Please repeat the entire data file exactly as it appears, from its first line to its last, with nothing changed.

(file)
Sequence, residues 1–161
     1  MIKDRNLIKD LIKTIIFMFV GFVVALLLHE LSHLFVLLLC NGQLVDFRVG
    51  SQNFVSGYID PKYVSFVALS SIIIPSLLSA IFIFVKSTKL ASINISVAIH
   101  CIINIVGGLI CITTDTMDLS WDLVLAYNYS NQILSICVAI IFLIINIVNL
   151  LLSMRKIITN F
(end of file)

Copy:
Sequence, residues 1–161
     1  MIKDRNLIKD LIKTIIFMFV GFVVALLLHE LSHLFVLLLC NGQLVDFRVG
    51  SQNFVSGYID PKYVSFVALS SIIIPSLLSA IFIFVKSTKL ASINISVAIH
   101  CIINIVGGLI CITTDTMDLS WDLVLAYNYS NQILSICVAI IFLIINIVNL
   151  LLSMRKIITN F